Background detail on TPWD finances, including financial information for previous years, is available in links to budgets and strategic plans on the department website.
---
On the Net:
http://tpwd.texas.gov/publications/business
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[ Note: This item is more than eight months old. Please take the publication date into consideration for any date references. ]
[ Media Contact: Larry Hodge, 903-676-2277, larry.hodge@tpwd.texas.gov ] [LH]
Aug. 22, 2013
Texas Fisheries Biologists Work to Make Fishing Better
ATHENS--Texans normally associate fall with the start of hunting season, but it is also a busy time for fisheries biologists.
When you are on your favorite lake during the next few months, you may encounter a Texas Parks and Wildlife Department Inland Fisheries crew conducting one of several kinds of surveys. Information from these surveys is used to guide management decisions for the reservoir, such as what kind and how many fish to stock.
Take Lake Bridgeport as an example. TPWD biologists will be conducting a creel survey on Lake Bridgeport beginning this September and wrapping up in May of 2014. Creel surveys are conducted by contacting anglers in person while they are on the lake fishing or when they are at a boat ramp. The creel survey will determine harvest of all fishes from the lake, especially largemouth bass and Palmetto bass, during the period. (As part of an every-other-year stocking plan, 59,756 Palmetto bass fingerlings were stocked in May 2013.) Other information such as monetary value of the fishery, sizes of fish harvested and caught and angler residence will also be determined. After all the data are compiled and analyzed, a management report will be written which summarizes the results and recommends strategies to improve or maintain the fishery. The report will be available late summer of 2014.
An electrofishing boat (also known as a shocking boat) will be used to sample the fish in Lake Bridgeport in early November. Electrofishing works best at night in six feet of water or less. Biologists expect to collect a wide range of sizes of largemouth bass, smallmouth bass, and spotted bass from Lake Bridgeport. The fish are collected using long dip nets on the bow of the lighted electrofishing boat during the sampling. All bass are weighed and measured. A small sample of largemouth bass will be checked for the presence of Florida largemouth bass genes. All forage species are measured and released. Records are kept of all fish collected. Comparing numbers and sizes of fish collected over a period of years shows population trends and growth rates.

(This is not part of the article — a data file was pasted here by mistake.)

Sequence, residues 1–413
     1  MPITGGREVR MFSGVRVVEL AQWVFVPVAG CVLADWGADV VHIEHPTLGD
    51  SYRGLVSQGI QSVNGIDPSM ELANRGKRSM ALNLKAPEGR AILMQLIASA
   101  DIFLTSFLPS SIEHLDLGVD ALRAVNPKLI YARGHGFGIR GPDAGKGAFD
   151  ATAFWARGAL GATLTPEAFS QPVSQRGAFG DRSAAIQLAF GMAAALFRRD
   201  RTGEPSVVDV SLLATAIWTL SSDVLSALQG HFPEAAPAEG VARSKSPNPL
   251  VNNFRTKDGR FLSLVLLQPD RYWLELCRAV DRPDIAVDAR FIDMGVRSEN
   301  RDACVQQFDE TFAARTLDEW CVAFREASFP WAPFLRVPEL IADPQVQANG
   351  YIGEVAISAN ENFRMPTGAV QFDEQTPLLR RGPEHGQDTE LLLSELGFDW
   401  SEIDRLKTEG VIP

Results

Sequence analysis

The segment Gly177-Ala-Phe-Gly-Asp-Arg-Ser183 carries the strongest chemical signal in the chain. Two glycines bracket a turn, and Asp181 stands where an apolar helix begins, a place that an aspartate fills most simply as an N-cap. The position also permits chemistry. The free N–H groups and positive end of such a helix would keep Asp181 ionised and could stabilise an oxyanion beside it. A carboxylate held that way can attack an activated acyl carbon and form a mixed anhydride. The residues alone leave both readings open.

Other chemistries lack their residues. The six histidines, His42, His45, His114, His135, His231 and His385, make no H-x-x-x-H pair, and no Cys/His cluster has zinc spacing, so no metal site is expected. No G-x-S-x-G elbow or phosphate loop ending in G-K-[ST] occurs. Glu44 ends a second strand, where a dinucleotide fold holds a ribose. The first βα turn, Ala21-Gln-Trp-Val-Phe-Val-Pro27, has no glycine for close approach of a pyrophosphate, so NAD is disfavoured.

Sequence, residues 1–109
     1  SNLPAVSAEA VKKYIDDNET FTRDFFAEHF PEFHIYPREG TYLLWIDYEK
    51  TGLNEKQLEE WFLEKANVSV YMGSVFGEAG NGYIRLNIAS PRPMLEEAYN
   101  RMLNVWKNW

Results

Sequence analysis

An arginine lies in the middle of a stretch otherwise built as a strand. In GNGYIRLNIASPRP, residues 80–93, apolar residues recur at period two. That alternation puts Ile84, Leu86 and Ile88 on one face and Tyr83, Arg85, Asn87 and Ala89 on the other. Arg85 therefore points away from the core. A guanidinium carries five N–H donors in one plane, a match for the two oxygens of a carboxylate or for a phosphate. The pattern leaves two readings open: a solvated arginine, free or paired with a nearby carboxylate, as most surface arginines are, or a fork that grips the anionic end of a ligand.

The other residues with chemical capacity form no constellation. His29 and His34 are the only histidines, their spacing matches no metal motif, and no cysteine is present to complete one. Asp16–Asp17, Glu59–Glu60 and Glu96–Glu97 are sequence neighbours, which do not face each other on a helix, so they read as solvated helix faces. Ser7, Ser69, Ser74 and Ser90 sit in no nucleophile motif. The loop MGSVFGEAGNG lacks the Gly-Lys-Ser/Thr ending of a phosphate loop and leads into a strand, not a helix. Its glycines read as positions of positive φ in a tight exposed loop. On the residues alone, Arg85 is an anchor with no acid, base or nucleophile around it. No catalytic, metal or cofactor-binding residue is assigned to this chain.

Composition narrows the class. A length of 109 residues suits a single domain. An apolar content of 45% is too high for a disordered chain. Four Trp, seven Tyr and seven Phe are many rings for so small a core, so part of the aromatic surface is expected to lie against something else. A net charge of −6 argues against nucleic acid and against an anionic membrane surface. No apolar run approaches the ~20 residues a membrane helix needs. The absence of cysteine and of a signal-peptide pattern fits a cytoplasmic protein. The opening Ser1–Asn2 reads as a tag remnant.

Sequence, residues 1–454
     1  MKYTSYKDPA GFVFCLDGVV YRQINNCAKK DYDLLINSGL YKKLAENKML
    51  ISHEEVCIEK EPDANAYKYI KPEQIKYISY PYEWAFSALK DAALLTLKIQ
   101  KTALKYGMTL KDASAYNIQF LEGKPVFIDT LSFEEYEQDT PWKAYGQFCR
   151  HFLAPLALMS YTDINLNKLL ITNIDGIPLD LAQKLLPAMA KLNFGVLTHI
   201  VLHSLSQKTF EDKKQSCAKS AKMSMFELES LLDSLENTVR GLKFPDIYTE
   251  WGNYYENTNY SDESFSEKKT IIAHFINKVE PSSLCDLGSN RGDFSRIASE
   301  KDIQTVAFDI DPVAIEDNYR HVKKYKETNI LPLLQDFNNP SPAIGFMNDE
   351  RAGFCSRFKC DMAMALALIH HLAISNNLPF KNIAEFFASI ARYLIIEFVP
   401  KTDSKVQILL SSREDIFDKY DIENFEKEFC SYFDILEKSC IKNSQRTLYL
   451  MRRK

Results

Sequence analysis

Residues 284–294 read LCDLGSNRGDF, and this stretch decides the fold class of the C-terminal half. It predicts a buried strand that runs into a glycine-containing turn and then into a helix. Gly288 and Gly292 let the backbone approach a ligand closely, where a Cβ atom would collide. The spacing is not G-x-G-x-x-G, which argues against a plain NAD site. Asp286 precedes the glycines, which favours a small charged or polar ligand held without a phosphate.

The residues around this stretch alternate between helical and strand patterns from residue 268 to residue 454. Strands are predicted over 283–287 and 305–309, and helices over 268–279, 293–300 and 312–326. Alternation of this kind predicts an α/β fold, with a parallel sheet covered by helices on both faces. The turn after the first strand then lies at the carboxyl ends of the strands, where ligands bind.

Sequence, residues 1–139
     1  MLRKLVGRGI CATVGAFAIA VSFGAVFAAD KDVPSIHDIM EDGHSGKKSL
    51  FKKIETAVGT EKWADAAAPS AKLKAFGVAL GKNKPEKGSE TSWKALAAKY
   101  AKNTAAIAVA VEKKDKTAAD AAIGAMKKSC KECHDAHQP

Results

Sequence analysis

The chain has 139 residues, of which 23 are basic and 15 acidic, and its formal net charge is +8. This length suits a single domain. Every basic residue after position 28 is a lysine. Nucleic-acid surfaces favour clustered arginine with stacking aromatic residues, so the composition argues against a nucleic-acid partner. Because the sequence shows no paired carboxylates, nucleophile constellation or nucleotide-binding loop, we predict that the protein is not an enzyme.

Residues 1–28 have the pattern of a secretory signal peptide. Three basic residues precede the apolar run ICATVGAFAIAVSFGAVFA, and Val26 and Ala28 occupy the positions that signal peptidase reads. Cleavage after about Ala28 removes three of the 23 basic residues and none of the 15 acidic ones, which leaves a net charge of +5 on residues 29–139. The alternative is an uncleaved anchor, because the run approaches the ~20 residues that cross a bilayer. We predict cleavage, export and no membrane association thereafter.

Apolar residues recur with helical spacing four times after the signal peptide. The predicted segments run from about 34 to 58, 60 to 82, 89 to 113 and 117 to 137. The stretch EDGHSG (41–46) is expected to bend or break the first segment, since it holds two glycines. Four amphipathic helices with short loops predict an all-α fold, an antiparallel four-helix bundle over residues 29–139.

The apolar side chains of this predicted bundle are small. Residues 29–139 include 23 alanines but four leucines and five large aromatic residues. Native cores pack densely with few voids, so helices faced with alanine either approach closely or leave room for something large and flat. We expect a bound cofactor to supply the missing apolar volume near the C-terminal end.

Bridgeport's crappie population will be sampled in December with a piece of gear called a trap net. It works like a minnow trap and funnels the crappie into the net, where they cannot escape. The net is set in the afternoon and taken out the next morning. The crappie are weighed, measured and released.
Finally, in March or April, channel catfish, Palmetto bass and white bass will be sampled with gill nets. Gill nets are 125 feet long by 8 feet deep and entangle fish with varying mesh sizes. Gill nets are set in the afternoon and taken out the next morning. Once again the target fish will be weighed, measured and released, if possible.
Not all lakes are surveyed every year, but chances are good that TPWD boat you see on the lake this fall and winter will not carry a game warden but a fisheries biologist working to make fishing better. Your cooperation will be appreciated.
The goal of all this activity is to make sound management decisions based on the best data available. Many times anglers ask, Why not stock (kind of fish) into (name of reservoir)? The answer may be that the reservoir does not contain habitat suitable for that species of fish. Or it may be that survey data show that fish of that species already in the reservoir are growing at less than a desirable rate, which may indicate there is not enough forage in the reservoir to support more fish. On the other hand, survey data may show that a reservoir has a forage base capable of supporting a different predator sportfish, in which case biologists may recommend stocking that species.
Stocking requests from biologists across the state are compiled and ranked. TPWD's fish hatcheries are then requested to produce fish to fulfill as many of the requests as possible.